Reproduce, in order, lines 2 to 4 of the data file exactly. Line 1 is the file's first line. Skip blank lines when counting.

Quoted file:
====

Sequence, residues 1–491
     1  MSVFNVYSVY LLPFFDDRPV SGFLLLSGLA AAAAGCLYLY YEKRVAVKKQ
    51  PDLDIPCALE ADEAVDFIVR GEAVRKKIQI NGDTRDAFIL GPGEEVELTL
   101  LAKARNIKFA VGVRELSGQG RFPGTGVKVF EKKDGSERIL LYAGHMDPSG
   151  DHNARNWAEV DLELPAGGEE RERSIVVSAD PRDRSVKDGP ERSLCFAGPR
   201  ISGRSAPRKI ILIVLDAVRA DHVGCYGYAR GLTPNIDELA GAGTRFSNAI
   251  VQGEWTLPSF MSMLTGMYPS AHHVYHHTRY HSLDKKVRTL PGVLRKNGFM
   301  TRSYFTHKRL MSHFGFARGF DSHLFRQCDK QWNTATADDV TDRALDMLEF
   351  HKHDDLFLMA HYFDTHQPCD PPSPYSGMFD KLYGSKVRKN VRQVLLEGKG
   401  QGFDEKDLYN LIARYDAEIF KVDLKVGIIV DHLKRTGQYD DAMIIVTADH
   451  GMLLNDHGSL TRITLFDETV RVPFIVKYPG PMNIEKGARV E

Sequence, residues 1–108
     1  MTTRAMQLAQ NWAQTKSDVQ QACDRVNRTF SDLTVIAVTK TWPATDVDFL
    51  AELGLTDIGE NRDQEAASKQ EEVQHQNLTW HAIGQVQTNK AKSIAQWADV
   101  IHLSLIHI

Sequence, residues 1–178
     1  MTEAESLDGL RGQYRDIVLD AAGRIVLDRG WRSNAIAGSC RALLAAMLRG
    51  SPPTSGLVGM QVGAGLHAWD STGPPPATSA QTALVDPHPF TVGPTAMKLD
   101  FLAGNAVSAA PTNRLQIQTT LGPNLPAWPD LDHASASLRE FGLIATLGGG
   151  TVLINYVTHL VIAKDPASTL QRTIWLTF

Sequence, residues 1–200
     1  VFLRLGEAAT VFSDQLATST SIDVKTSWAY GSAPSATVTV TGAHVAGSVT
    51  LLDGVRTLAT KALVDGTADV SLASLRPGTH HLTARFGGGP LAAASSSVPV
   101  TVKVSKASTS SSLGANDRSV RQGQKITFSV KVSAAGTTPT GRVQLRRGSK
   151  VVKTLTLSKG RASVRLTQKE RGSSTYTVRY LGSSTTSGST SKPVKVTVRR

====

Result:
     1  MSVFNVYSVY LLPFFDDRPV SGFLLLSGLA AAAAGCLYLY YEKRVAVKKQ
    51  PDLDIPCALE ADEAVDFIVR GEAVRKKIQI NGDTRDAFIL GPGEEVELTL
   101  LAKARNIKFA VGVRELSGQG RFPGTGVKVF EKKDGSERIL LYAGHMDPSG